Step 6 - The panel is NOT free from the door yet. You need to unplug the window/lock/mirror control module. It is basically just a plug with a tab on it. Just squeeze the tab and wiggle the connector out of the control module.








At this point you cam remove the door panel and raise the window. If you have the Window Valet like I do, it's easy. If not, connect the control module back to the door and raise the window.

Step 7 - Now you are ready to remove the piece that is covering the opening that you will be working in. It is stuck on the door with that black, sticky gunk. Carefully remove it from the door.



Step 8 - You now need to disconnect the door controls as that window drops unbelievably fast. If your arm is in that door and the window decides to drop, the pain will be unbearable! :surprised

Unplug the connector pictured below. Just squeeze the tab and wiggle.




Step 9 - Now you can get a look up into the door to see what has happened. Sure enough, the lock cylinder has backed out of the housing it sits in:



At least it was still in one piece. :thumbsup:

The piece that holds that cylinder in place is called the lock cylinder retaining clip. According to a locksmith that I talked to, it is supposed to be removed a specific way and that was obviously not not performed correctly when someone removed my door handle before. Thus, the lock cylinder retaining clip was stretched and didn't have enough tension to hold the lock in place. In this next picture, I hung a tool off the lock cylinder retaining clip so that you can see it.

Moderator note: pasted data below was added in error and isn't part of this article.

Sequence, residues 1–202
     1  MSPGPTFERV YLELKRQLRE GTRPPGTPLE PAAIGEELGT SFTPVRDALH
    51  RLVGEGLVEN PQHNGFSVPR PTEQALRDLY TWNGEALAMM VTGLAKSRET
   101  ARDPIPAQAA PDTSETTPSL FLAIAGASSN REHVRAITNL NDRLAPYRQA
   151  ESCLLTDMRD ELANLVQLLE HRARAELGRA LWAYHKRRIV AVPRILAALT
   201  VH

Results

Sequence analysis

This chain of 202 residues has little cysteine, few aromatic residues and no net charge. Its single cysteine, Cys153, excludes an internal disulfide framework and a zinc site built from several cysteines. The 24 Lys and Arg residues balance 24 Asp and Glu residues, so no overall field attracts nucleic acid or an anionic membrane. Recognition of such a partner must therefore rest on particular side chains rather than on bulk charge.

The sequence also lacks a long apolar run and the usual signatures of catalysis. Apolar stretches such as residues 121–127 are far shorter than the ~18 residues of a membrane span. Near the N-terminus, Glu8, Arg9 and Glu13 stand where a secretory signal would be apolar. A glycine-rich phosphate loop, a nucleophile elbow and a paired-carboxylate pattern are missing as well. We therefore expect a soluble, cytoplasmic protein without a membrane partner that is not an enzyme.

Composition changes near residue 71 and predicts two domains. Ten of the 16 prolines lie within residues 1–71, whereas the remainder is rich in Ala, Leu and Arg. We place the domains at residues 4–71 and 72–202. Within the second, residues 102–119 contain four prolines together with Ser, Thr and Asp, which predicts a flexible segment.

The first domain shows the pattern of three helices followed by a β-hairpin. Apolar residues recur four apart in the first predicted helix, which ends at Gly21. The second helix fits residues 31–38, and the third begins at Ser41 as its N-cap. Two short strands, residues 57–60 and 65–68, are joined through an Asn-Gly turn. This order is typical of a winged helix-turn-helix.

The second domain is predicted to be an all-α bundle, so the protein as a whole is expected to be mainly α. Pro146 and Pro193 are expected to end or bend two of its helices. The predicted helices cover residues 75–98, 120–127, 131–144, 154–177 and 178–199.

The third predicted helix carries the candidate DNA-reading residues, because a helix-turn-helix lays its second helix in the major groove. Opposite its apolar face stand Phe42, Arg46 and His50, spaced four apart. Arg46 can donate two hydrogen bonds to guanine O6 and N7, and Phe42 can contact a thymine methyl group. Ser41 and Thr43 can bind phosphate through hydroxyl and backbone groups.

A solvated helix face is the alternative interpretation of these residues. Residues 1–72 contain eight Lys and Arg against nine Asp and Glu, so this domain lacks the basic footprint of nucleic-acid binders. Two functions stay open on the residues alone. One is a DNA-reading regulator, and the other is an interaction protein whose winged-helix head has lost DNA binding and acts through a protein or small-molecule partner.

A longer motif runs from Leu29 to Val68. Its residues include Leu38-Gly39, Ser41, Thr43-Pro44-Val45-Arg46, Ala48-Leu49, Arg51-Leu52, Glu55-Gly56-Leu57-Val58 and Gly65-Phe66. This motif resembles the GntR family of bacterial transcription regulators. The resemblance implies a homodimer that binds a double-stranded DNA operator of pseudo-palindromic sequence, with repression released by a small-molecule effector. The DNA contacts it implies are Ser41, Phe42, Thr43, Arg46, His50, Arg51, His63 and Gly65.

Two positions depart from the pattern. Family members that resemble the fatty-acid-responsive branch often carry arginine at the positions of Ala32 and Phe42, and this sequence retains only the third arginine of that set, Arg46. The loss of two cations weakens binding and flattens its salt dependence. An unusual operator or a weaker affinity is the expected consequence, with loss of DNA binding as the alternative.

That's the way it is supposed to be anyway. Here's what I did. Some people would bend that clip back into place and reuse it. You all know me... if I've come this far, new parts are getting install. Thus I went and bought a new clip. Less than $5. A no brainer folks.



Step 10 - I went ahead and used that tool you saw hanging on the lock cylinder retaining clip and pulled it off. Then I continued disassembling the door handle so that I could put the new clamp on (it is impossible to from inside the door). To completely remove the door handle required further disassembling of the door handle latch as well as the lock cylinder. I did it slightly differently as I figured that I only needed to pull the door handle out just enough to get that lock cylinder retaining clip in place so that I could then insert the lock cylinder itself. Here's how I did it.

You need to remove these two 10mm bolts.



Once you remove those two bolts, you can see that there is enough slack in the door handle to pull it out and expose the slot where the lock cylinder retaining clip goes.



Step 11 - Now here's the tricky part. You need to get the retaining clip started by placing one-half of the clip in place. Look at the picture below.



Next, grab the top half of the other side of the clip and slip it into place. I used my pick tool to do mine.

Note: There's a small rubber washer that goes into the lock cylinder housing BEFORE you put the lock cylinder itself in place. Make sure you locate that and insert it before going to the next step.




Step 12 - At this point, you can now reach into the door and push the lock cylinder into place. By pushing in on the door handle with one hand, you should easily be able to push the lock cylinder in until it clicks into place with your other hand. Folks, you have just fixed your problem!

At this point, you reverse the install and put everything back together. When you're done, you should no longer be staring at a hole in your door handle. It should look like it did from day one. :thumbsup:



That's all folks! :thumbsup:

The Junkman